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Exploring Australia Holidays

Tasmanian Circle

Your Itinerary

Tasman Bridge Hobart

Day 1 - Welcome to Hobart

Welcome to Tassie! Upon arrival at Hobart airport, pick up your rental car and drive to your hotel. We have nothing planned for you today, so you can get accustomed to your new surroundings. (The Lodge on Elizabeth, Standard Room)

Day 2 - Hobart

Enjoy your day in Hobart. Either visit the famous MONA (the Museum of Old and New Art) to marvel at Australia’s largest privately owned art collection, or stroll among the pretty 19th century sandstone warehouses of Sullivans Cove along the waterfront to Salamanca Place. The Salamanca Markets take place here every Saturday (8.30am-3pm), when more than 300 stallholders sell everything from fresh produce to arts and crafts.

Freycinet Wineglass Bay

Day 3 - Hobart to Freycinet National Park

Drive 120 kilometres north today – the views of Great Oyster Bay and Maria Island along the way are incredible. Once at the National Park, choose whatever walk suits you, ranging from the easy 10 minute walk to Sleepy Bay to the challenging three hour (return) walk to the summit of Mount Amos. Follow the Wineglass Bay lookout walk for spectacular views over the blond sandy arc and ice-blue water of Wineglass Bay. (Freycinet Lodge, One Room Cabin)

Day 4 - Freycinet National Park to Launceston

Drive 90 minutes north to St Helens, where you can swim, surf or eat the freshest seafood. From St Helens it’s a short drive to Binalong Bay, the gateway to the Bay of Fires. This is a beautiful region of sandy beaches flanked by orange lichen-covered granite boulders. Then, head to Launceston, roughly 100 kilometres away. In town you can visit art galleries and museums, while just a short walk from the city centre lies Cataract Gorge. (Peppers Seaport Hotel, River View Studio)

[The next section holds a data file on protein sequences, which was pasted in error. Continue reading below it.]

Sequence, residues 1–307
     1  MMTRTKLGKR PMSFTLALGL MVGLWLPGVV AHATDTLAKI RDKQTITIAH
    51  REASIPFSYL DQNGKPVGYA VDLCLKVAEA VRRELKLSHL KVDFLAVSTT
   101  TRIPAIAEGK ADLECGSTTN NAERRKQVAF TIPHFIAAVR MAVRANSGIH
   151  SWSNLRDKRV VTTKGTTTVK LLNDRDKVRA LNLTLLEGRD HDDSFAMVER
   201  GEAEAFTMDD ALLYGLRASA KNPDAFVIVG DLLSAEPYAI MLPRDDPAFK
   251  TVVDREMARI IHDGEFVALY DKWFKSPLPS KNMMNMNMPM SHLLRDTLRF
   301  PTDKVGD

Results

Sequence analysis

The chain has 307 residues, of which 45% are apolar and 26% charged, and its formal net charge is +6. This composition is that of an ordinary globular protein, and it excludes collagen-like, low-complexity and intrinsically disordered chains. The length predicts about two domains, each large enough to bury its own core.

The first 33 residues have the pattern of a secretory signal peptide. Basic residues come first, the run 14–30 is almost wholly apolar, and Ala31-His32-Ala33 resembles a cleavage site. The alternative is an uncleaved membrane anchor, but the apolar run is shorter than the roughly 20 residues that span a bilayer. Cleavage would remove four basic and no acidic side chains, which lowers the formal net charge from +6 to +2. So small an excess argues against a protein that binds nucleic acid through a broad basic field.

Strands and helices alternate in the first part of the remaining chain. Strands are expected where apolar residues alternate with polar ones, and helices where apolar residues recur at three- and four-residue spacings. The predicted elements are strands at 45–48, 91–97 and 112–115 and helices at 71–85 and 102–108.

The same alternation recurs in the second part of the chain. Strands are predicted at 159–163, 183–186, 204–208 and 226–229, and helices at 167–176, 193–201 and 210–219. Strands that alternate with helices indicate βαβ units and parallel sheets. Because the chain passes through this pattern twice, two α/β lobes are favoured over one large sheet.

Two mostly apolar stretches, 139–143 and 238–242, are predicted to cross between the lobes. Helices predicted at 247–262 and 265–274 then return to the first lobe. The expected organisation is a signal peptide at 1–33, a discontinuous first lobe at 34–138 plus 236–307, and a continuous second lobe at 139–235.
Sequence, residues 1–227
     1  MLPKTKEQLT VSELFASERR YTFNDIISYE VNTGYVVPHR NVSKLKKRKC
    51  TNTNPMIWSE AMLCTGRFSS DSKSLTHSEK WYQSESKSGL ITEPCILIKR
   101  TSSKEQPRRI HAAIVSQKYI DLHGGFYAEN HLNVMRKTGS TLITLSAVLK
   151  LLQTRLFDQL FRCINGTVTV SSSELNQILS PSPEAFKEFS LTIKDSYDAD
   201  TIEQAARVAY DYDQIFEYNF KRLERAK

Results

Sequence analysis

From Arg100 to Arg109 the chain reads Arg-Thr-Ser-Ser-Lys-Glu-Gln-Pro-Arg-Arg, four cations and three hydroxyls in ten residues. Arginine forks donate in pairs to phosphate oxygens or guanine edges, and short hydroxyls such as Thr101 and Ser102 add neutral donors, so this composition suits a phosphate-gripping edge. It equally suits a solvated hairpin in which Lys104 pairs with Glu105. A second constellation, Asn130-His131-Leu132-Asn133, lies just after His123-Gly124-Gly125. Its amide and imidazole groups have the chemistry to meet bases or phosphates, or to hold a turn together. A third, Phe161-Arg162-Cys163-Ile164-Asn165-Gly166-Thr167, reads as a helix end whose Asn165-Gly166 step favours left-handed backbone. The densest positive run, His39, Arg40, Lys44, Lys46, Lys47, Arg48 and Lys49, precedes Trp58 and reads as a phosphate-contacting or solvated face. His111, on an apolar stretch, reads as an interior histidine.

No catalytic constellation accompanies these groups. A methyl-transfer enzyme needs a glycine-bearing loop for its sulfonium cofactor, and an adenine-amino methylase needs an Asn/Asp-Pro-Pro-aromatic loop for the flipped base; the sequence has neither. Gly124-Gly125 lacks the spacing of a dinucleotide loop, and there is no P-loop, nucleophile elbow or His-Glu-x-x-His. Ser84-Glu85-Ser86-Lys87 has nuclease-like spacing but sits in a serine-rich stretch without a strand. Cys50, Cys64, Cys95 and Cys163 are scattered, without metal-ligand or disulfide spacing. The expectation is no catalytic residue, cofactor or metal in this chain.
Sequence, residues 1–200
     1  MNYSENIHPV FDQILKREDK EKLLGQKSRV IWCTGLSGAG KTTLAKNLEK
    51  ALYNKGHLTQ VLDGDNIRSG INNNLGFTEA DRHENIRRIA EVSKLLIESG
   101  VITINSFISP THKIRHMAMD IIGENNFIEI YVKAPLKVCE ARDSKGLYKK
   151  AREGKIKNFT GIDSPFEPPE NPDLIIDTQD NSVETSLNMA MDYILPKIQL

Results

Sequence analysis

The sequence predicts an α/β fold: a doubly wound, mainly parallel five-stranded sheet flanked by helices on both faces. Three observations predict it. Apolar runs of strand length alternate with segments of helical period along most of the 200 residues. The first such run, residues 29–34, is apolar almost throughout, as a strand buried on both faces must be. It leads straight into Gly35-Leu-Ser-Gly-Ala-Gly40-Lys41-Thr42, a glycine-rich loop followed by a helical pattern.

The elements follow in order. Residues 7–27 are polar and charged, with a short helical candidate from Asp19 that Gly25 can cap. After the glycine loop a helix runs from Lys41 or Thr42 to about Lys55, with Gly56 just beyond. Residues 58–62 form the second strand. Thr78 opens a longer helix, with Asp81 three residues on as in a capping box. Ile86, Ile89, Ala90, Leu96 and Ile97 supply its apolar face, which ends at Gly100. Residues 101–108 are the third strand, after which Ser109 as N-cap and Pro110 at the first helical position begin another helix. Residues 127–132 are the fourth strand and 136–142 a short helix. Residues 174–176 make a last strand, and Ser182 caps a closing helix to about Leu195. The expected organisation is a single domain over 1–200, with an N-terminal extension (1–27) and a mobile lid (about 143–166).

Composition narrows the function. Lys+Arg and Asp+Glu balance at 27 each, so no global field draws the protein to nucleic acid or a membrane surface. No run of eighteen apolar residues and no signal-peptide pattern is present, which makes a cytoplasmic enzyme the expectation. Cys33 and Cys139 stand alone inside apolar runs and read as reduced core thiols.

Day 5 - Launceston to Stanley

From Launceston it’s a 30 minute drive west to the historic riverside town of Deloraine. Then drive north for another 45 minutes until you hit Devonport, where you can stroll the waterfront, surf at the Bluff and row or sail the Mersey River. See kangaroos, wallabies, wombats and even a Tasmanian devil at Narawntapu National Park. Head back along the coast for a leisurely hour long drive to Stanley, a fishing village framed by a volcanic outcrop. Ride the Nut Chairlift to explore the plateau – stunning views await. (Stanley Seaview Inn, Seaview Room)

Day 6 - Stanley to Cradle Mountain

From Stanley, travel two hours inland to the World Heritage-listed wilderness of Cradle Mountain – Lake St. Clair National Park. Climb Cradle Mountain or walk around the mirrored waters of Dove Lake. Alternatively, go fly fishing in the clear mountain streams and Dove Lake between September and April, or spot wallabies, wombats and possums on a nocturnal wildlife tour. (Cradle Mountain Hotel, Standard Room)

Cradle Mountain

Day 7 - Cradle Mountain

We have planned a scenic helicoper ride for you today. The Cradle Mountain and Fury Gorge Adventure begins with views of the picturesque Dove- and Crater Lakes, with the splendour of Cradle Mountain behind. The flight then takes you west as the helicopter descends and twists its way through the valleys and rivers to the entrance of Australia’s deepest gorge. From this jaw dropping gorge we climb our way up to the plateau to see the entire southwest mountain range unfold before our eyes.

Day 8 - Cradle Mountain to Strahan

This morning, follow the scenic route south along Anthony Road. This 100 kilometre drive, passing through forests and shimmering lakes, will steer you to Queenstown which once held the world’s richest gold and copper mine. Just 45 minutes drive from Queenstown sits harbour-side Strahan, the gateway to Tasmania’s World Heritage-listed wild west. Spend the afternoon kayaking on Macquarie Harbour or walk along windswept Ocean Beach, the longest beach in Tasmania. (Strahan Village, Hilltop Standard)

Day 9 - Gordon River

This morning, board your cruise along the world famous Gordon River. The ancient, mirror like waters meander down from their source in the Central Highlands, through a breathtaking World Heritage river cape of temperate rainforest and mountain crag, to the mouth of Macquarie Harbour. In the afternoon, travel along the Lyell Highway back to Hobart, back through the heart of Tasmania’s World Heritage-listed wilderness. (Hotel Grand Chancellor Hobart, Harbour View Room)


Day 10 - Departure from Hobart

This morning, return your rental car at Hobart airport before boarding your plane back home or to your next destinations.

What's included?

  • Prices start from £1,330 per person, based on 2 sharing
  • Accommodation as stated in double / twin room
  • Rental car from and to Hobart Airport (tolls and petrol are not included)
  • Scenic helicopter flight over Cradle Mountain
  • Boat ride on Gordon River
  • Local taxes
  • All trips are ATOL protected or ABTA bonded to ensure you are fully covered